Lessons learned from Dragons.

“So comes snow after fire, and even dragons have their endings.”

-J.R.R. Tolkien

I am an avid lover of stories. Books, yes, but more so, the stories. Even ones that aren’t in books. Don’t we all love a good story told around a campfire, or the old, old stories in books that are so old that there’s no cover art, just the title and the author’s name on the spine. So what makes these stories so great? What makes them so intriguing and engaging, so timeless? Why is there so much shared substance between stories from all over the place? Why are the same stories recycles countless times, but still read and adored by thousands, or even millions, of people around the world?

We love them because they tell us something.

They start with someone who’s just like us: an imperfect human being with imperfect desires and actions, and an imperfect life. So we’re attracted to this person because here’s something of ourselves that we see in them.

And the story goes on to tell of this person’s actions, and the actions of those around them. And at some point, there comes to be tension, pain, anguish, anger, hurt.

Our favorite stories are ones full of darkness, betrayal, and tragedy. The ones full of giants, monsters, and dragons, and despair and hopelessness.

Why?

Because these stories mirror our own lives. We too face darkness, betrayal and tragedy. We too face our own giants, monsters, and dragons that fill us with hopeless despair. But we love these stories because they show us somebody, maybe a fictional somebody but still someone, who’s faced these things before.

Even more than that, they show us someone who fought their dragon, who fought back the clouds of hopelessness that hung heavily over them, and fought until the dragon was dead, and the sun shone. Until they won.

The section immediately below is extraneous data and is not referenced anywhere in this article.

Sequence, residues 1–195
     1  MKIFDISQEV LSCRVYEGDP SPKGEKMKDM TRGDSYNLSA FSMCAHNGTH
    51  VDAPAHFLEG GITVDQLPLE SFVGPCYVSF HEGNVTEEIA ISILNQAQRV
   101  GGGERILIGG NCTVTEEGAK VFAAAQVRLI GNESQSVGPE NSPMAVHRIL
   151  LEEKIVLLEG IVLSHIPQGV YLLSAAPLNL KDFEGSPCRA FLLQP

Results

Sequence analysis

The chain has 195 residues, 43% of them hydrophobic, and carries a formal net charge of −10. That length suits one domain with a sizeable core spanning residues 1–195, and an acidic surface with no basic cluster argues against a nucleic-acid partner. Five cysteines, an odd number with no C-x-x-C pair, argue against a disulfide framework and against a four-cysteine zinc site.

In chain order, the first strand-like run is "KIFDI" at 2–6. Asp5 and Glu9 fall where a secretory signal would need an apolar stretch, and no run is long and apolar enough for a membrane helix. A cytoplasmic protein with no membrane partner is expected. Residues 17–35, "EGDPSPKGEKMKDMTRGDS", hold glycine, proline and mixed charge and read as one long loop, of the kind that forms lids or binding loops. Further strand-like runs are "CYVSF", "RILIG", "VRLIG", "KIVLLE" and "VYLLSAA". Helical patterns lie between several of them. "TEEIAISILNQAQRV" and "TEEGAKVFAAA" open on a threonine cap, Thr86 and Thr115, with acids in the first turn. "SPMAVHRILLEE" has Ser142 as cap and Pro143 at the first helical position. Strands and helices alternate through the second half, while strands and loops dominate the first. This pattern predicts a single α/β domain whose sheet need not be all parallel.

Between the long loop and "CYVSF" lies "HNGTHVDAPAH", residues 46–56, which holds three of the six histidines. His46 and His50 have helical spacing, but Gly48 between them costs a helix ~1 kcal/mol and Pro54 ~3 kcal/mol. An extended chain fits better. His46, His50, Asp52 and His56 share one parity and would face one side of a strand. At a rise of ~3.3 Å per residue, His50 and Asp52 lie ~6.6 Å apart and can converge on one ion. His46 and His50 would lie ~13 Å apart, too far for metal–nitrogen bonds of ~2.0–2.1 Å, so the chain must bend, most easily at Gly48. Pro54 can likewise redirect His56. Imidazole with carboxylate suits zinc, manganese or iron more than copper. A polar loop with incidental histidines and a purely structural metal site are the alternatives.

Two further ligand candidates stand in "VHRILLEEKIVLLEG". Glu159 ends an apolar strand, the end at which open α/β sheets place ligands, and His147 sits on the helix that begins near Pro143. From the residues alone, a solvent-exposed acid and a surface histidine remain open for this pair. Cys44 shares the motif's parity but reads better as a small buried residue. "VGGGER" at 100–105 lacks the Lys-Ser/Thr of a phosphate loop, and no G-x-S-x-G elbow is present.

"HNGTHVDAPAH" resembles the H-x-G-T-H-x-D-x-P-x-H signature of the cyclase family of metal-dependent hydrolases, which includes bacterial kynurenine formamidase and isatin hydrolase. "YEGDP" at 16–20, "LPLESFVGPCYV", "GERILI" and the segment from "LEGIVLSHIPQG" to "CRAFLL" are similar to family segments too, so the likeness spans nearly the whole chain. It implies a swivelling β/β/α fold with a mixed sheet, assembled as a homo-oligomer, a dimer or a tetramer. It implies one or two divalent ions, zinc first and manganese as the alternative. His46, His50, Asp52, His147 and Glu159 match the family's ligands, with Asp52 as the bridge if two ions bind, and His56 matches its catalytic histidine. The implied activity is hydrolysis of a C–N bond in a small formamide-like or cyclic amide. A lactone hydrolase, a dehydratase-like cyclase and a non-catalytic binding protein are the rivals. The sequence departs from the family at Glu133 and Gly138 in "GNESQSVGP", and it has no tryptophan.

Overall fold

And for some reason, the sun is always brighter after the darkness passes.

And those are the stories that we attach ourselves to. Those are the ones we tell and retell. Those are the ones we tell our friends to pick up. They’re the ones that stick around for years and years, because they tell people something.

What do they tell?

They tell us that every dragon has to die. Every cloud will pass, every giant will be slain, every mountain crushed. They tell us that when there is darkness, fighting it is always right even when the battle seems lost.

And they tell us that ordinary people, like ourselves, were the ones who killed the dragon. They tell us that we too can defeat the dragon that’s staring us down. We can be heroes too.

“How many brave or chivalrous deeds have come about through a young boy’s fascination with childhood stories of King Arthur and his Knights of the round table? Or how many injustices were attacked by those who learned right and wrong from Robin Hood?”

-Charles de Lint, The Little Country

What is a story that you love(d)? Was it a childhood story, or one you read later in life? Why did you love it? Share your thoughts in the comments, or on Twitter (@MrsAlenaeous).

So many things before skinny.

It’s a cliche. It’s something we hear so often that it rings hollow:

Be yourself.